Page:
Sabatini Fraone, a senior member of the Center and the study’s co-author, says dads are taking on more parenting responsibilities, like bringing kids to appointments and transporting them to and from daycare, that once defaulted to mothers.
But some couples still have antiquated ideas about the household division of labor, she says. For women in a different-sex partnerships, this often means taking up a “second shift” of additional, child-related work (in same-sex couples, research shows, domestic duties tend to be split more evenly).
When assumptions about work and home responsibilities don’t default along gender lines, parents can talk frankly about their desired career trajectories — and moms can negotiate their needs accordingly.
“Look at all the tasks that are involved day-to-day, and really work that out as a couple,” Sabatini Fraone says.
Keep your boss updated while you’re out
Moms tend to “check out” when they’re on parental leave (and for good reason).
Sabatini Fraone doesn’t advocate for working during this precious time, but she does suggest having a phone call or two with your supervisor before you return. These check-ins help ease you back into the “work” mindset, while keeping managers abreast of how your current reality compares to the back-to-work timeline you mapped out pre-baby.
This is also a good time to flesh out any last-minute flexibility considerations. For instance, if you travel often for your job, but feel overwhelmed by the challenges having a newborn will present, it could be worth asking for a workaround.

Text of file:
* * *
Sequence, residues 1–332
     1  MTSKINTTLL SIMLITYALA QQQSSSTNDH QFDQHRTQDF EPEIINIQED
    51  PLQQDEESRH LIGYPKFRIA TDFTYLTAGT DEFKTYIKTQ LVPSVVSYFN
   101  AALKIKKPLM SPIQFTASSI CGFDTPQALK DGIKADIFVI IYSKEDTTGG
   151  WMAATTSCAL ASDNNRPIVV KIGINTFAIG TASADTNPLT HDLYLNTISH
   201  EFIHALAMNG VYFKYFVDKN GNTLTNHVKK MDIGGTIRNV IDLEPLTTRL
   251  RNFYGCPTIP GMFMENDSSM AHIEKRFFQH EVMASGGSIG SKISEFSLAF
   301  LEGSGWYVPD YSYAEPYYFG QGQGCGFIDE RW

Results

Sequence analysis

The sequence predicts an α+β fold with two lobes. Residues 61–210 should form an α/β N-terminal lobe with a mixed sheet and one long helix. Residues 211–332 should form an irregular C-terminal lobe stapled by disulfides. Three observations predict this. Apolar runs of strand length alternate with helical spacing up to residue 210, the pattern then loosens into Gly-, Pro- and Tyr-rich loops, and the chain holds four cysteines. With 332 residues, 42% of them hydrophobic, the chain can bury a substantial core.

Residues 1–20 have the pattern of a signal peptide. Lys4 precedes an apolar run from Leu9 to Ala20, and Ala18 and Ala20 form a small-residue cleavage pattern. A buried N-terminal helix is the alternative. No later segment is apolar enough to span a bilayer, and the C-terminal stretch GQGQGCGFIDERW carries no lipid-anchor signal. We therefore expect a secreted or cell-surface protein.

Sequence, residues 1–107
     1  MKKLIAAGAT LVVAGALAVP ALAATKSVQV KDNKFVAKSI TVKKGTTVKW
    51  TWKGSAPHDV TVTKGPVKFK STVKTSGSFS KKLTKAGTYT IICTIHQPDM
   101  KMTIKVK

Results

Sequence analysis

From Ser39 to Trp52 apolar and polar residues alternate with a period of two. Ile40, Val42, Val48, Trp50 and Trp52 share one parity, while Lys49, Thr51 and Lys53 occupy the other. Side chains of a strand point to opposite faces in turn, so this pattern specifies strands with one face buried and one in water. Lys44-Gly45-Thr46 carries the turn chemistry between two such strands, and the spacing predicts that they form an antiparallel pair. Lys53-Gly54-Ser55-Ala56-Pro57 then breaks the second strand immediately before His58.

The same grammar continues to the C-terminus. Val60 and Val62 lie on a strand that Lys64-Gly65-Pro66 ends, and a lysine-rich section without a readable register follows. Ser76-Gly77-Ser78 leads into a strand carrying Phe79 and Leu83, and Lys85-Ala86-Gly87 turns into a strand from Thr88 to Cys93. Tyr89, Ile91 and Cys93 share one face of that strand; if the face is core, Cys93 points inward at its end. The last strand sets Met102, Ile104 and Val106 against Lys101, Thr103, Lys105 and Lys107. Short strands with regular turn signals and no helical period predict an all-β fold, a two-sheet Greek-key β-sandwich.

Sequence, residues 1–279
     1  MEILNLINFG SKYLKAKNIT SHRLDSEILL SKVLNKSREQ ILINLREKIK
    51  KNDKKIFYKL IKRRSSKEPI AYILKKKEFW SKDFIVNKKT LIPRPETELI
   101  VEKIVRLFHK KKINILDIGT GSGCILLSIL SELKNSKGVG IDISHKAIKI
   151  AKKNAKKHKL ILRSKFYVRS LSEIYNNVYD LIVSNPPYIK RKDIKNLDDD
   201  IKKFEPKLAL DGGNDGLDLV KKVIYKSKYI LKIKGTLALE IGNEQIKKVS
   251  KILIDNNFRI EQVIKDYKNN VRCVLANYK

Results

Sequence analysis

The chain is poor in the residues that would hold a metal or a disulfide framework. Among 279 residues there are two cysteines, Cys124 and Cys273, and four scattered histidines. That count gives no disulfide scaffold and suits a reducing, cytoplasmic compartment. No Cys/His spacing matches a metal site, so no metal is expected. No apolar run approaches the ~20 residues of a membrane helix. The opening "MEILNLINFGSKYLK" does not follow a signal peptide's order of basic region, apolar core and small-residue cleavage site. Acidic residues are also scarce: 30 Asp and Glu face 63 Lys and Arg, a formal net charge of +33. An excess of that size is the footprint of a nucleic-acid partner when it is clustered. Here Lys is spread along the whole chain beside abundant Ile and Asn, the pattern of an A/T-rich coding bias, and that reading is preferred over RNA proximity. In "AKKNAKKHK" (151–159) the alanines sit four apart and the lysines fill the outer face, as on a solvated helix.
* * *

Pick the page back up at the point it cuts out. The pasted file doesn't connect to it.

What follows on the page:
“If you’re walking in the door without having had those conversations, there’s a missed opportunity to make the transition more successful,” Sabatini Fraone says. “The manager may not initiate these calls, so it’s up to [you] to initiate.”
Practice speaking up
Some supervisors assume that working mothers aren’t interested in career advancement.
But research from Sabatini Fraone’s team shows that 23% of moms actually want more workplace opportunities after returning from parental leave. Understanding these biases ahead of time can help new mothers plant the seeds with managers about their desires for advancement before, during, or after parental leave.
“Oftentimes, [employers] won’t even put you in the running because of their assumptions about motherhood,” she says. “If you really want that career advancement, you need to be very vocal about it. You can say, ‘Listen, I know I have this new baby, but I have a great arrangement with my partner at home and I would love to be considered for that promotion.’”
While advance planning is important, no amount of goal-setting can completely eradicate the chance that things will go haywire. Sabatina Fraone’s advice? Make peace with that.
“Rarely does your experience with parenthood match your expectations,” she says. “If you have very rigid ideas before you go out on leave, or when you start your return back to work, it will be harder to shift and adjust as needed.”
Remember: New motherhood can be a deeply rich moment. And with the proper planning and support, so can working full-time throughout it.
“You probably will feel very overwhelmed very often,” Sabatini Fraone says. “But there are many of us who have made it work.”
By Jennifer Maerz